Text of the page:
Arguments Against Obesity As A Disease #10: Affects Too Many People

flu epidemicAnd finally, to end this miniseries on the arguments I often hear against calling obesity, is the objection based on the idea that there are simply too many people living with obesity to apply the label “disease” to. Doing so, would mean that over 7 million Canadians would wake up to find themselves living with a disease.

Related to this argument, I also often encounter the argument, that calling obesity a disease would turn these 7,000,000 Canadians into “patients” thereby completely overwhelming our healthcare system that would now be called about to provide treatments to all these people. I hear from payers and policy makers that providing treatments for obesity as a disease is simply not practical because of the number of people who have it.

As I think about it, both arguments are rubbish.

Firstly, the definition of disease has nothing to do with how many people are affected. Thus, I have never heard anyone say that we need to stop calling diabetes a disease because it affects 6 million Canadians or we need to stop calling depression a disease because 2.5 million Canadians will be affected during the course of their lives.

No one would ever suggest we stop calling the flu a disease just because it affects millions of Canadians leading to 12,200 hospitalizations and 3,500 deaths in Canada each year.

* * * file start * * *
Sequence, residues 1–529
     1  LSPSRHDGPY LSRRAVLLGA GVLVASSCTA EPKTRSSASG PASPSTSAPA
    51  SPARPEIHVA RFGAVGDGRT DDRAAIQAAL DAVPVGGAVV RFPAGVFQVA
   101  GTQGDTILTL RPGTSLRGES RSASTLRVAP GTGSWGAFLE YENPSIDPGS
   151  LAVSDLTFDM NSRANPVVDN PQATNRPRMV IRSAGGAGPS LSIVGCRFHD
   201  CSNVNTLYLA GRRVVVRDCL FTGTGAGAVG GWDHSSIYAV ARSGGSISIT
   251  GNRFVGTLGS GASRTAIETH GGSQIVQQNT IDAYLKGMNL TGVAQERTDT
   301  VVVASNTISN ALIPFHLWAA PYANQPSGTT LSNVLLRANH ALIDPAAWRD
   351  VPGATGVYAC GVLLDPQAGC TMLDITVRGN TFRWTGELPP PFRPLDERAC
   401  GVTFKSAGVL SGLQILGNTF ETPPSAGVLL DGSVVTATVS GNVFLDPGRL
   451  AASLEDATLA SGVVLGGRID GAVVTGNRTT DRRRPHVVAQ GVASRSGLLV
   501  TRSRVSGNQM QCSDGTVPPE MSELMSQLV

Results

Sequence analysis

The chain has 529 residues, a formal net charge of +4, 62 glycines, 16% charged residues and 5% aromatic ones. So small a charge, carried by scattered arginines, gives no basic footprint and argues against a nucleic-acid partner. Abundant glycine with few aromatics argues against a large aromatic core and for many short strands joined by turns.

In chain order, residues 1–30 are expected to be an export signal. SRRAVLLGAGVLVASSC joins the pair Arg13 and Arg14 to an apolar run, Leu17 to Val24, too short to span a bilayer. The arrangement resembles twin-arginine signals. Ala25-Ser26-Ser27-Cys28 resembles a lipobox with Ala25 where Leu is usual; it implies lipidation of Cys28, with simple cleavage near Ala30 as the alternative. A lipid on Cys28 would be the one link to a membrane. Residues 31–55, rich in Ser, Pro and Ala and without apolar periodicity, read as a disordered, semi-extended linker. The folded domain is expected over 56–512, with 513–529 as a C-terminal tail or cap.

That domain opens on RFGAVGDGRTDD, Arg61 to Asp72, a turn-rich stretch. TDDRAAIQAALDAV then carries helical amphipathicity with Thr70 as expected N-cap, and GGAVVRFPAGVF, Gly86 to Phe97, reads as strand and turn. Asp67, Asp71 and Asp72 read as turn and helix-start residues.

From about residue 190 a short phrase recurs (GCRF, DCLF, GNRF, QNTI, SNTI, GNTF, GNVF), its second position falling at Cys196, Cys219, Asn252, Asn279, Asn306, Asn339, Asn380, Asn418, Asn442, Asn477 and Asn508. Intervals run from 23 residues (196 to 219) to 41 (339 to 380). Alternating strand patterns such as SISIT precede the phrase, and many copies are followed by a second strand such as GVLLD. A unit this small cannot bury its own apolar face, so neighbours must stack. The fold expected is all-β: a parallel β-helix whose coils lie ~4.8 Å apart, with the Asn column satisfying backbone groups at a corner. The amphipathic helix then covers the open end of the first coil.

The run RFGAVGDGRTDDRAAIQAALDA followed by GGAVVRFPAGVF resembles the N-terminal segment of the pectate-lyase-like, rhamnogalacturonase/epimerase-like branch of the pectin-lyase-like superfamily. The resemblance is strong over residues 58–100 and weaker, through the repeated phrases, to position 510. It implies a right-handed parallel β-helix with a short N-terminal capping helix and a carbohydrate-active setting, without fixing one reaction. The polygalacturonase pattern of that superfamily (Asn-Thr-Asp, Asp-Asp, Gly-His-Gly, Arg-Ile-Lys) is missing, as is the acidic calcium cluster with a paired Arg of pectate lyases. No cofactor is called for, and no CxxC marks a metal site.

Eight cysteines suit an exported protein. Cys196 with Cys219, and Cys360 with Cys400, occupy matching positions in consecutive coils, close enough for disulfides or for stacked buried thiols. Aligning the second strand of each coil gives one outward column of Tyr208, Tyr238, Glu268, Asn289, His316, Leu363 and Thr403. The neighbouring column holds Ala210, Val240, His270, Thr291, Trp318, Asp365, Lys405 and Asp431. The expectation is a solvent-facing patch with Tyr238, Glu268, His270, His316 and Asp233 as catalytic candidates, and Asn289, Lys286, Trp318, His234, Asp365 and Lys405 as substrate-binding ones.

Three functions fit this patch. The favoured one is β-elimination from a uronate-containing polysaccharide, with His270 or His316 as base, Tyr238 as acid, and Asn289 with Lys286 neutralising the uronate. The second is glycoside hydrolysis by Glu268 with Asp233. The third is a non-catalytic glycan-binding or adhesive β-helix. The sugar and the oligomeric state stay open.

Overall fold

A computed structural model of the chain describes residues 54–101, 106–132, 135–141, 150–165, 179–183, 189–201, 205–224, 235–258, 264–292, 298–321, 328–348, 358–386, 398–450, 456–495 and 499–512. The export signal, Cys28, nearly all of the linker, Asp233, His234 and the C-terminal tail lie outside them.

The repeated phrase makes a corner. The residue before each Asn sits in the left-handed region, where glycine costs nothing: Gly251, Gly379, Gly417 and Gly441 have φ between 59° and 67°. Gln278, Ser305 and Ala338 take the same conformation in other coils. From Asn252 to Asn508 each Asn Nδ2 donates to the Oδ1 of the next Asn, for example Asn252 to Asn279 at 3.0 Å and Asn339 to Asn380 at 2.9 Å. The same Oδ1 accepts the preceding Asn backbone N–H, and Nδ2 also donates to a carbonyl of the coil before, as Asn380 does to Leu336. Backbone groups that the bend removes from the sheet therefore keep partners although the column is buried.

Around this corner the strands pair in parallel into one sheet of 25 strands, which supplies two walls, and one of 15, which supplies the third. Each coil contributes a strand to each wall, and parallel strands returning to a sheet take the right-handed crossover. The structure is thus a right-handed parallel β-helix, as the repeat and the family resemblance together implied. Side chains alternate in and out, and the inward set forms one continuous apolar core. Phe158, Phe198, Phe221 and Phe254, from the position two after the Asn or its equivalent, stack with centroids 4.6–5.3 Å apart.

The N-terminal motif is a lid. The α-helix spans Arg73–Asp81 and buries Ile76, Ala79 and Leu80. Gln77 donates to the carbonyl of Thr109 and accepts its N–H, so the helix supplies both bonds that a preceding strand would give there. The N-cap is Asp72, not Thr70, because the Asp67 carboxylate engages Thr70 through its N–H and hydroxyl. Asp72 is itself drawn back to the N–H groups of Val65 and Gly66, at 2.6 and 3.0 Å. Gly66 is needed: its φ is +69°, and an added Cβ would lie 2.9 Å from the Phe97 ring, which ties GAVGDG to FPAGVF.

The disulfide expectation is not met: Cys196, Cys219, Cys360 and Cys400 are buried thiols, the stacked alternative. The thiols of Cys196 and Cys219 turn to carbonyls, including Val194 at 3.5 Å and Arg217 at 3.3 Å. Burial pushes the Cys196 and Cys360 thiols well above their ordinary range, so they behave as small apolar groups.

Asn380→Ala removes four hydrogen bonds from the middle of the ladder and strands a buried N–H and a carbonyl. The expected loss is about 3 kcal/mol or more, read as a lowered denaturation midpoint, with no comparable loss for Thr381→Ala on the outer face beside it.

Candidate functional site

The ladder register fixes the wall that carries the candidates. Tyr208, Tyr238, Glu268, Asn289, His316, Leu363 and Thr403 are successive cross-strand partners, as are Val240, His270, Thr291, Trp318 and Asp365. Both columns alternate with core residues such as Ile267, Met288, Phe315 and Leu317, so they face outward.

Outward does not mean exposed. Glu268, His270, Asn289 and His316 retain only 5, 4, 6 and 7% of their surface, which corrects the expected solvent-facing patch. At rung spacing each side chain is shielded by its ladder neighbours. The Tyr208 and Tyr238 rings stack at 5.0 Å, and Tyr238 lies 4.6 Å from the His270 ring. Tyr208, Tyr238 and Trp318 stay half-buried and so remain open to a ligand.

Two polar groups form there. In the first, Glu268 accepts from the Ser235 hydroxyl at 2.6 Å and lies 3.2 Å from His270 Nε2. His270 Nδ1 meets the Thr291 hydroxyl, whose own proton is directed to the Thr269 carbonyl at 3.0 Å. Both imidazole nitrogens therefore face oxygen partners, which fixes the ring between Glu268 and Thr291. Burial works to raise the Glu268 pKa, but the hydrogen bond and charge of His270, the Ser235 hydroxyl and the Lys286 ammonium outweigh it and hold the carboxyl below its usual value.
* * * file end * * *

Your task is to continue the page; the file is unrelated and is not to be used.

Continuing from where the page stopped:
So arguing that we must not call obesity a disease because that would be declaring far too many people as “diseased”, is simply irrelevant.

Even if a disease affects 100% of the population causing important health problems and complications, we’d still be calling it a disease.

As for overwhelming the healthcare system – I would say obesity is costing the health care system whether you call it a disease or not. We will still have to pay for all the health issues directly related to people having obesity – from diabetes to heart disease to joint replacements to cancers. It’s already costing billions of healthcare dollars. Except that we are now spending those dollars on the complications rather than on preventing and treating obesity itself.

Again, if there was any other “disease” threatening to overwhelm the healthcare system, our response would certainly not be to simply stop calling it a “disease” – that would make no sense at all.

This concludes my miniseries on arguments I often hear against calling obesity a disease (there are some I hear less often).

Next week, I will turn to arguments that support the idea of calling obesity a disease – so stay tuned.

Toronto, ON